The rain/water motif appears in "Jacob" first as a feature of the landscape and later as a symbolic dimension of Jacob. Head spends a page and a half of the story on the landscape of the village--its abundant rainfall and lush plant life--but adds that the spiritual healers, not the fecundity of the earth, attracted people to the village. The geography of the village takes on a greater significance in that Jacob receives a spiritual calling to go to that very village where he lost his parents when their car skidded on a bridge and plunged into the swollen river during a downpour. The duality of the water as both productive and destructive reflects the duality of the spiritual healing offered by prophets in the village.
Water as a healing element is also associated with Jacob. He dispenses what appears to be "holy" water to the afflicted with the assurances that it will relieve them of their troubles, and it does! The presence of water as a benign force2 adds a measure of legitimacy to Jacob's ministry. Despite the fact that water takes Jacob's parents from him (the drowning accident), Jacob is endowed with healing powers through the use of the blessed water.
Head's representation of the Botswana landscape in this collection of short stories also reveals her observation of the spatial structure of traditional villages in that country. She notes about the village of Serowe, "Everything goes in circles; the circular mud huts are enclosed by circular yards and circular pathways weave in and out between each yard" (Serowe xii). This circular patterns, she observes, was later disrupted by construction crews who replaced it with tarred roads and highways--somewhat of a symbolic imposition of a foreign worldview--that more than likely ran in perpendicular lines. Mention of the circle also appears in her discussion of the chief's kgotla, a village court where civil matters are settled. In introducing a narrative about the kgotla in Serowe, she writes:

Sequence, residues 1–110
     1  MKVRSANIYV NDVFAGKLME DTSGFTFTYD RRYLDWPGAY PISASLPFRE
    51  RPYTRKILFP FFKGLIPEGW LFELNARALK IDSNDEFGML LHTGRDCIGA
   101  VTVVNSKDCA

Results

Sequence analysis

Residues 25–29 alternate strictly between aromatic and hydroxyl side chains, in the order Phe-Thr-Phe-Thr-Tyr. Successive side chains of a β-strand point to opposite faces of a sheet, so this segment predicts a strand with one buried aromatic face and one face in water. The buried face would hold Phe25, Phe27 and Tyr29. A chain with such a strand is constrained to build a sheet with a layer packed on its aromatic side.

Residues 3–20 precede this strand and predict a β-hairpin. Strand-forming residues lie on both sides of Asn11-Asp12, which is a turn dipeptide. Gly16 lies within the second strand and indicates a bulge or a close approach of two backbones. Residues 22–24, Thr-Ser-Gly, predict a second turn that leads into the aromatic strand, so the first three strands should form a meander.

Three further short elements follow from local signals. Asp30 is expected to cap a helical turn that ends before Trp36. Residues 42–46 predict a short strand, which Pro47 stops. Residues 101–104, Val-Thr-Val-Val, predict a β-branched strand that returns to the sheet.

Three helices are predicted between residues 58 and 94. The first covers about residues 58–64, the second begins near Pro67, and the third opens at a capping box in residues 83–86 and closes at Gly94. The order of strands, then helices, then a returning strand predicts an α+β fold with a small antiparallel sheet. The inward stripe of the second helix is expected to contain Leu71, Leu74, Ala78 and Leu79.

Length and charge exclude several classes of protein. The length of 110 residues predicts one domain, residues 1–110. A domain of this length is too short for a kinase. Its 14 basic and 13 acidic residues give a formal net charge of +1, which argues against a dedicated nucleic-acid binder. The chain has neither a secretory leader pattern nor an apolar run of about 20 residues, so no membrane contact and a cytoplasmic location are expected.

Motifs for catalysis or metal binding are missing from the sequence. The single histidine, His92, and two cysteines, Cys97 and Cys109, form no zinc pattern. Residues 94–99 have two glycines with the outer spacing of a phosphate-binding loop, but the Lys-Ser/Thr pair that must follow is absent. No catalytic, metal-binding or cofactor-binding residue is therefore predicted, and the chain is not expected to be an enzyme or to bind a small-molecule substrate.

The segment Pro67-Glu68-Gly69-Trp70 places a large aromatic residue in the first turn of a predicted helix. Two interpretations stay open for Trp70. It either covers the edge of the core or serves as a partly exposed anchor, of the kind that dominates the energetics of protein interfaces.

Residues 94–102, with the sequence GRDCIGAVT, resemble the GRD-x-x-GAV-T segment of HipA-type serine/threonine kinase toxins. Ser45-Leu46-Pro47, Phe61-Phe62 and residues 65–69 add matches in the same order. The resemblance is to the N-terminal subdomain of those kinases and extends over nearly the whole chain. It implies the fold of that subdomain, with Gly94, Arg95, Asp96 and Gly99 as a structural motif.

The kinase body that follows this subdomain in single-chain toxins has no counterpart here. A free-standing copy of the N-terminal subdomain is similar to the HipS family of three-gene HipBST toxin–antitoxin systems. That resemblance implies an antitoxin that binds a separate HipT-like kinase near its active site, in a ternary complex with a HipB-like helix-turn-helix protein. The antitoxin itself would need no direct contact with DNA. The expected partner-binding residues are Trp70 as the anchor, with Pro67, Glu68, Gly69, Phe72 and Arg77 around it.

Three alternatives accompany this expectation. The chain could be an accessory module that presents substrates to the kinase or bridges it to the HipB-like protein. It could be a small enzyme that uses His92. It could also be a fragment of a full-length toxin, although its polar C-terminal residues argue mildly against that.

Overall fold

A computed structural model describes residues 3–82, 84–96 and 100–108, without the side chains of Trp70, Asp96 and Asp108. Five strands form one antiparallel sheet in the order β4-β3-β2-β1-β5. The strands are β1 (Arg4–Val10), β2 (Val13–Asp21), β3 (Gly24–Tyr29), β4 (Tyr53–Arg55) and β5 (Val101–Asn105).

The older people say the kgotla was the central part of their moral life, the sort of moral centre that was only paralleled by the instruction of the Christian church. In Serowe, the chief's Kgotla is in the central part of the village, beneath Serowe hill and marked out by a wide, semi-circular arrangement of stout poles.
Since only men could serve on the kgotla, the center here is associated with male space. Additionally, as is the case in the spatial organization of many communities, the center is a locus of power as perceived community wide. Head's observation about the traditional layout of villages is incorporated into one of the village tales she recreated in The Collector of Treasures.
In the short story "Kgotla," Head employs the spatial juxtaposition of the kgotla and the administrative buildings to dramatize the clash between the two centers of power. The village court offered a place where the community could be heard, a place where the villagers themselves mattered. The presence of the colonial administrative buildings, however, is a threatening one, for though the kgotla and the buildings existed side by side, "the bureaucratic world was fast devouring up the activities of the ancient, rambling kgotla world" (CT 62). Thus the traditional way of life as symbolized by the kgotla was being encroached upon from without. Despite the usurpation of power by the colonial administration, it
hadn't yet taken over people's affairs--the kgotla was still the people's place. It was the last stronghold where people could make their anguish and disputes heard, where nothing new could be said about human nature--it had all been said since time immemorial and it was all of the same pattern, repeating itself from generation unto generation.
The repetition, the cyclical pattern of the traditional means of disseminating knowledge, of passing on the culture and its values from generation to generation suggests a continuity, both historical and cultural, that Head apparently found attractive in the routine of life in such Botswana villages.
The short story "Life," a tale of a prostitute who returns to the village and continues to practice her "profession," is another work in the collection that reflects the use of the center as a spatial metaphor. The protagonist, a young woman ironically named Life, is murdered by a husband frustrated in his attempt to reform her. Once Life is settled in the central part of the village, her presence attracts other women: first housewives and farmers, the "intensely conservative hard-core centre of village life" who later shun her when they discover her occupation; then the beer-brewing women "who had emancipated themselves some time ago," women who rejected taking a husband in favor of ruling themselves (CT 39). With the loud-playing music, the beer drinking, and the endless parade of men in and out of Life's yard, the "din and riot of a Johannesburg township was duplicated, on a minor scale, in the central part of the village" (40). However, in this case, the center takes on the characteristics of a place of sinful, perverse activities, a place of inevitable destruction because of the moral decay associated with it and its source, Life.